I am mom to Madison - age 5, and Jameson - age 3, and wife to Zack - tall. I have a passion for writing, my family, reading for fun, and life in general. Here I share with you some pieces from the fabric of our family life, and even more on my blog Smile and Mama With Me.

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The Homework Game



I’m in the midst of the homework game now that my daughter is in kindergarten.  I don’t remember having homework as a kindergartner, but I get it.  They want to start healthy study habits, discipline, focus and so much more at this early stage.  Great!  But you know what else this means, don’t you?  I have to do homework now.  The husband does too, because you better believe this is a chore…errr…a joy that we both get to partake in.

Kindergarten homework is actually kind of fun, though.  Among the double-sided pages are all sorts of activities and exercises to complete.  Some include tracing her alphabet and writing the letter of the week.  She writes her name, brainstorms words that begin with the letter of the week for us to write down, and my absolute favorite part – we get to look through magazines and cut out pictures that start with the letter of the week and paste them to the page.  I am a self-professed magazine junkie so this is definitely the highlight for me.  The last three weeks I’ve given her my Rachael Ray magazines to peruse for picture possibilities.  She’s come up with pictures of m, m, milkshake and r, r, raisins and t, t, taco.  I think for this coming week’s homework I’ll switch up the magazine so she can broaden her horizons beyond the world of food.

While my son is still in preschool and does not quite understand the concept of homework, he is also learning self-restraint, focus and discipline.  Instead of coming home and watching his allotted half hour of cartoons right away, he knows that his sister has to do her homework before we turn the TV on.  Half the time he decides that playing with his dinos or tossing the ball with his Papa is way more fun than a silly cartoon.  Score!

This homework game wraps up at the end of the week and she turns her packet in to her teacher to be graded.  On Monday, I calmly (on the outside) thumb through the papers in her backpack to see if she got a star, a smiley face, a good job, or an A+.  While this is truly her homework and she has to complete it herself, we supervise and help her along by reading the instructions and whatnot.  The week that her homework came home with slightly less than the full amount of points I was shocked and hurt and deflated.  We missed a tiny portion, but I suppose as tiny as it was, that is part of homework.  Reading the directions carefully and following them.  It is a good lesson learned for me after all these homework-free years and one to plant early with the kids, even as young as kindergarten, when all she really wants to do is draw pictures of rainbows and hearts.  At least in the beginning.  I love that she now asks one of us how to spell completely random and seemingly unrelated words like bowtie,  turtle and walnut.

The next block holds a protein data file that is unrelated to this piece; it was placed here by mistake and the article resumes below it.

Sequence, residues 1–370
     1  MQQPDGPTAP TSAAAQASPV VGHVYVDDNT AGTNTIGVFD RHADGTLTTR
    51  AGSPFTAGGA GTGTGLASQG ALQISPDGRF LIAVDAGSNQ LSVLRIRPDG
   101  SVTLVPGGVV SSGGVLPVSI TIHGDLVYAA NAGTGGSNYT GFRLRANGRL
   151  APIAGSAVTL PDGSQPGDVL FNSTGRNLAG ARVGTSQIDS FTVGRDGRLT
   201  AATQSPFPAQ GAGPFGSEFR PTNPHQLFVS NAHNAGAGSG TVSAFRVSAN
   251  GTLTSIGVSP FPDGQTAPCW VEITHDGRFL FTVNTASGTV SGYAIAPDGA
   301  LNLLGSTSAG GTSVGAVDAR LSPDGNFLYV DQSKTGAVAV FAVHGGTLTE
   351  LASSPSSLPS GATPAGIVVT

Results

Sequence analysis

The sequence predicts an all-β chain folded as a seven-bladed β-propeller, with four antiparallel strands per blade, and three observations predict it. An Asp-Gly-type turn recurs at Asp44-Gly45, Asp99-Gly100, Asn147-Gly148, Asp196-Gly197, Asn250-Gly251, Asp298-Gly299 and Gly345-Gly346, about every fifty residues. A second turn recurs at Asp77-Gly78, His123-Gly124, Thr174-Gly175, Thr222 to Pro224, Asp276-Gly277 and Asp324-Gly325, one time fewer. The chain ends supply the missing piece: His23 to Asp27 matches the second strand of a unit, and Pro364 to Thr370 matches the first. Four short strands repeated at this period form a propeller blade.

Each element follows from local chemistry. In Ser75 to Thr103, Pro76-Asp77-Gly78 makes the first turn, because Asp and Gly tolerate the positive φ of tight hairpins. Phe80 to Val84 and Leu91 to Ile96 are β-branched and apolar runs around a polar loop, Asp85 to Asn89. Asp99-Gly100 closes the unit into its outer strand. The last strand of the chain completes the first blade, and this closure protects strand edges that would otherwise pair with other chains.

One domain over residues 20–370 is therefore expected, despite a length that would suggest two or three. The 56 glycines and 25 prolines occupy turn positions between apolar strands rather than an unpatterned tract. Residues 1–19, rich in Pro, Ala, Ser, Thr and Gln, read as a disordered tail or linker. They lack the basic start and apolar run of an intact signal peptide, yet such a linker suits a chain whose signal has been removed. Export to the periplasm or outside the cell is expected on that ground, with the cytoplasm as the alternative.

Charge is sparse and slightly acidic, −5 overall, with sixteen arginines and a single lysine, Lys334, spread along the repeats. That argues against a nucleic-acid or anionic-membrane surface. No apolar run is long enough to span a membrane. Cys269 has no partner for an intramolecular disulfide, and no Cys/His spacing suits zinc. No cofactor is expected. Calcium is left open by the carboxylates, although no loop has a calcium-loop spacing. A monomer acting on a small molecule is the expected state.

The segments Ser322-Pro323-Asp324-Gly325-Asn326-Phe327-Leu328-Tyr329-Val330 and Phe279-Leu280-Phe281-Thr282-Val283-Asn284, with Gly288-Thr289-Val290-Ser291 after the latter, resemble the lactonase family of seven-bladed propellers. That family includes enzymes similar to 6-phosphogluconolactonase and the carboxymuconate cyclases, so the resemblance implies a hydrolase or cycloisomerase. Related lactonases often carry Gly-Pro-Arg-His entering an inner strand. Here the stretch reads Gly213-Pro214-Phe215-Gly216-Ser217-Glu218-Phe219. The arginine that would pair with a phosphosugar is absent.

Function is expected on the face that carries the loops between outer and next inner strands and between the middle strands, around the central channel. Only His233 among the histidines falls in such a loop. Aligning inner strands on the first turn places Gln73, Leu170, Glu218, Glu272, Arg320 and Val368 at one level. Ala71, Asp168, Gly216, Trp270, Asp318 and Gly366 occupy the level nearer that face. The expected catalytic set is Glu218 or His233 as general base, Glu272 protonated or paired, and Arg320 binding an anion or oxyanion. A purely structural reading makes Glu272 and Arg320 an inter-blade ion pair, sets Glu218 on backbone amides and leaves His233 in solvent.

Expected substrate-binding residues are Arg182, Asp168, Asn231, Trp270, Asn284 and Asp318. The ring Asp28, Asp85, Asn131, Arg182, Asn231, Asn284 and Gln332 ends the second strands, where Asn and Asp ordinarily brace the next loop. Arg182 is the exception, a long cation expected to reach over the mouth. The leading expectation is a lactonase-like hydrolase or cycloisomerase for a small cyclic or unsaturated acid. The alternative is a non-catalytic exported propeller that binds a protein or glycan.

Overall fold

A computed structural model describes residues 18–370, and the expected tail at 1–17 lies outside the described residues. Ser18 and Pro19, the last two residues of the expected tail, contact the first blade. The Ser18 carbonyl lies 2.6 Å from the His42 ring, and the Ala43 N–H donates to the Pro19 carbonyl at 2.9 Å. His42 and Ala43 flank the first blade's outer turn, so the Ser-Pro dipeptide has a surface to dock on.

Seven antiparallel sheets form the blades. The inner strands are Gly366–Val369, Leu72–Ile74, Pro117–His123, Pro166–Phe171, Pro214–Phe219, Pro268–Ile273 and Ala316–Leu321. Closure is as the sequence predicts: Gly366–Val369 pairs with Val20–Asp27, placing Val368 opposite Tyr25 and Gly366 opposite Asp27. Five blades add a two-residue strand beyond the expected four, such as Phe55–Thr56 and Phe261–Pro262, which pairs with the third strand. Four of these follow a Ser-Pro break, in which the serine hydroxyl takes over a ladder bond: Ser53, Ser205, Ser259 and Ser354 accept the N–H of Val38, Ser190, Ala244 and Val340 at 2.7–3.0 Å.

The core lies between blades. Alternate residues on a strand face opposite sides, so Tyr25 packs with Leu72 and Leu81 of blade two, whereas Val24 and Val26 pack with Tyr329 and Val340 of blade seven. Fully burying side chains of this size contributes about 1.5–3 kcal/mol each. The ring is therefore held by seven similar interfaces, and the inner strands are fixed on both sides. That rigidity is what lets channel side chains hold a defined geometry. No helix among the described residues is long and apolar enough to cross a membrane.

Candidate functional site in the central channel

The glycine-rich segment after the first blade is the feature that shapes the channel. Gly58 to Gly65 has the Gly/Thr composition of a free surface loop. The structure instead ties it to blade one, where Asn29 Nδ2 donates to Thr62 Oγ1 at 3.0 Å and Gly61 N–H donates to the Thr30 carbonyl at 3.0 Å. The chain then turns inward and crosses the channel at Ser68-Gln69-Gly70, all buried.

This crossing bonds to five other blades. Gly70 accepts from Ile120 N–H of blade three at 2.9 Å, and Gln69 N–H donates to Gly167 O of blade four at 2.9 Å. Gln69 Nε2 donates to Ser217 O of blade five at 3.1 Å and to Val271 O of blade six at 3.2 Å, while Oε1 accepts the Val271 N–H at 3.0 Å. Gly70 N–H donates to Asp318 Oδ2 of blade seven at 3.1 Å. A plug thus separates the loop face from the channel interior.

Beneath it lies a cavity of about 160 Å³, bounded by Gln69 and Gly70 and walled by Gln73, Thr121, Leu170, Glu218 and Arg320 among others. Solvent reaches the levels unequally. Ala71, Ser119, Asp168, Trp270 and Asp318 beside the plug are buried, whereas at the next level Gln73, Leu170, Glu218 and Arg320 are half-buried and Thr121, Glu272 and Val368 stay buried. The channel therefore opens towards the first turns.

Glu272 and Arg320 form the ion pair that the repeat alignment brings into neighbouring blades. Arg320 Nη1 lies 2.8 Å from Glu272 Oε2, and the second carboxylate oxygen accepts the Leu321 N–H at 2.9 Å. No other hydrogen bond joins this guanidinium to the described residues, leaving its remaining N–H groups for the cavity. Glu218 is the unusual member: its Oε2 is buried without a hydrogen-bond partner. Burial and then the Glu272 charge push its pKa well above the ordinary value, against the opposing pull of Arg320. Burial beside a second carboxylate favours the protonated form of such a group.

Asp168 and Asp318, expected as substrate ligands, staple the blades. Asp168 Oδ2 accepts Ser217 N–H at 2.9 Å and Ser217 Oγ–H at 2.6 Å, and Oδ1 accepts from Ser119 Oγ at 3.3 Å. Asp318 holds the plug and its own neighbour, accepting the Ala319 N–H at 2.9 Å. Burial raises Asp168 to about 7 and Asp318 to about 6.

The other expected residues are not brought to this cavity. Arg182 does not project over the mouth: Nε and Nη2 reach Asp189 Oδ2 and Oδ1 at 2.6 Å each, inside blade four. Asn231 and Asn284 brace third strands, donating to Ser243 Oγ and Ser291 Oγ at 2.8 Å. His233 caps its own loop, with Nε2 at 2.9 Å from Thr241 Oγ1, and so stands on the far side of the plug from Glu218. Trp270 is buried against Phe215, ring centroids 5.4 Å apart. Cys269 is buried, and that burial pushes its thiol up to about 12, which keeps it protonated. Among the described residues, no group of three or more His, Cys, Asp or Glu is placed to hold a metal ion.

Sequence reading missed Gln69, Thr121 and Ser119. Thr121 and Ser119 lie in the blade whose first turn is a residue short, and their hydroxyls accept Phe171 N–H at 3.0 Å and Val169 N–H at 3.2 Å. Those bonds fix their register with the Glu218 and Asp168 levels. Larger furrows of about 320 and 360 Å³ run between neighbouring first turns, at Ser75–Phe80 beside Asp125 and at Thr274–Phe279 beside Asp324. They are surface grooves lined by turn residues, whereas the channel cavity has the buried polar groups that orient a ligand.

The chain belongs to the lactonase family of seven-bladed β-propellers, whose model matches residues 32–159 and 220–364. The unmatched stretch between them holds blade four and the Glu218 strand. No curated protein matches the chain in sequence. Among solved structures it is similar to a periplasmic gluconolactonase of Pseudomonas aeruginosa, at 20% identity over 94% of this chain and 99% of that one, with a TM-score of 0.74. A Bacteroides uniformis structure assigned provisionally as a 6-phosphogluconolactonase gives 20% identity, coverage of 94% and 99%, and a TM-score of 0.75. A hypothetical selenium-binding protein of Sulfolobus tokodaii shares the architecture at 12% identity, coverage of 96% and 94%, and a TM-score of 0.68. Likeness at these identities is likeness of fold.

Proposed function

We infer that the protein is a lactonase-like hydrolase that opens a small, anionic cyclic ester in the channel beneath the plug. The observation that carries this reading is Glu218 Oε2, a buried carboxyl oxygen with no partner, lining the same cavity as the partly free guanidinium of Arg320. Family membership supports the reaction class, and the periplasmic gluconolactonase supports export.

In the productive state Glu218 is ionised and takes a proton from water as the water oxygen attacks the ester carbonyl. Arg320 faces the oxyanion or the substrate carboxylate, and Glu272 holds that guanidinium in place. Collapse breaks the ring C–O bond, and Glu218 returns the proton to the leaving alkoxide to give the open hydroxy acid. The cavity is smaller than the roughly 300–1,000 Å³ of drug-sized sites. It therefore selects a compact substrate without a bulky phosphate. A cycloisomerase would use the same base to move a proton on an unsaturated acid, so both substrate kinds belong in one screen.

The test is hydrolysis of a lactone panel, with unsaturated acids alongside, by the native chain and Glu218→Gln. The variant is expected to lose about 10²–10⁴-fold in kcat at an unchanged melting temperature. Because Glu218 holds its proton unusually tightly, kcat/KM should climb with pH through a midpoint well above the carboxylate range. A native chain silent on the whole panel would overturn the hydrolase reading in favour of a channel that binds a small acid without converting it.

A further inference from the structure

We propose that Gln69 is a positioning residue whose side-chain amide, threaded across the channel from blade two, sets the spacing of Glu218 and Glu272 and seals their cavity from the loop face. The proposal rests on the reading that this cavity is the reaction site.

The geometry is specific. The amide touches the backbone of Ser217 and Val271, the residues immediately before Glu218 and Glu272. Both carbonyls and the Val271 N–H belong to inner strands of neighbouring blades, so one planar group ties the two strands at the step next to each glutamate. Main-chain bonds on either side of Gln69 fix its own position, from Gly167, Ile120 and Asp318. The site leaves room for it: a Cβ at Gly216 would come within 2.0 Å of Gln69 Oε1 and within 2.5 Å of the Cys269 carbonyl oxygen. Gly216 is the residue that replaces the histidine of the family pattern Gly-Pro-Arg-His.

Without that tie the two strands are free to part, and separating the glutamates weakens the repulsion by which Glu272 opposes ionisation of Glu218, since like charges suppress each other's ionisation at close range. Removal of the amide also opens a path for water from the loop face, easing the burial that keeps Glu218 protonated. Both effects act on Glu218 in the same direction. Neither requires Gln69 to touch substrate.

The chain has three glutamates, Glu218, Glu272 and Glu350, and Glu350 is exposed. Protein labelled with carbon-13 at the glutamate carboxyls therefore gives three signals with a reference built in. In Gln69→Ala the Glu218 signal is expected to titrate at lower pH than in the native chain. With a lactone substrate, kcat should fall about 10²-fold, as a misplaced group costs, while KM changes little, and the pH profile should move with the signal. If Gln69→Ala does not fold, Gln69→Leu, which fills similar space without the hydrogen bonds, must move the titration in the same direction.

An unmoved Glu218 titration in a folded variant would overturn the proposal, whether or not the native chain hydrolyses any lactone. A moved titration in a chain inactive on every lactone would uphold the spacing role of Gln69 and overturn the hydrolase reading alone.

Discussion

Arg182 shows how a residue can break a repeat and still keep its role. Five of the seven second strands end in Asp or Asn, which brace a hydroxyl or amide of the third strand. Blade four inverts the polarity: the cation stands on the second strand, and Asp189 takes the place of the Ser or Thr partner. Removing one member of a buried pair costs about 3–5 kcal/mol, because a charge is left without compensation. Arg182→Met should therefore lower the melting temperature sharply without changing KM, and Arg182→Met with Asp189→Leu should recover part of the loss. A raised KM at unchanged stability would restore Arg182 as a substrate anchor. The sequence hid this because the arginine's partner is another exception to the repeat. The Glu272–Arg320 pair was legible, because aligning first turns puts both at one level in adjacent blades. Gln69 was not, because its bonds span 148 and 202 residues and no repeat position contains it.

I’m not sure what that’s all about but it sounds like the makings of a story I’d love to read.

You might also enjoy:

Remembering Summer
Getting out the Door in the Mornings
And a delightful (and easy) recipe for Naan

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Comments (3)

  1. Mandi 10/07/2011 at 3:24 pm

    Thank you for the comment @KellyS.

    Thanks for the respectful comment, even though a difference in opinion @Leigh,and for a teacher’s perspective! Much appreciated.

    Our school and their style works for our family and we are quite pleased. To each their own, I say!

    Keep ’em coming folks! What do YOU think?


  2. KellyS 10/07/2011 at 7:19 am

    There are several studies that prove at the VERY BEST POSSIBLE outcome, that homework does NOTHING until high school, and then, even in high school, very little.

    I am homeschooling right now, but if my children should be entered into public school, they will NEVER do homework unless it can be proven to me that it is something they would have to do at home ie, genealogy research on themselves, etc.

  3. Leigh 10/07/2011 at 6:52 am

    Thanks for the article! As a teacher however I would like to respectfully disagree with your premiss that children that young need homework to learn study skills. Although it sounds like your family is enjoying the time together! There are many studies that show that homework that early (in all of elementary school in fact) does not increase later work study habits. Nor does it increase knowledge (except a slight increase in next day test taking) Please see http://www.slate.com/articles/life/family/2006/09/forget_homework.html for more info if you are interested. I think it’s important for parents and teachers to be educated about this as our kindergartens are becoming increasingly academic.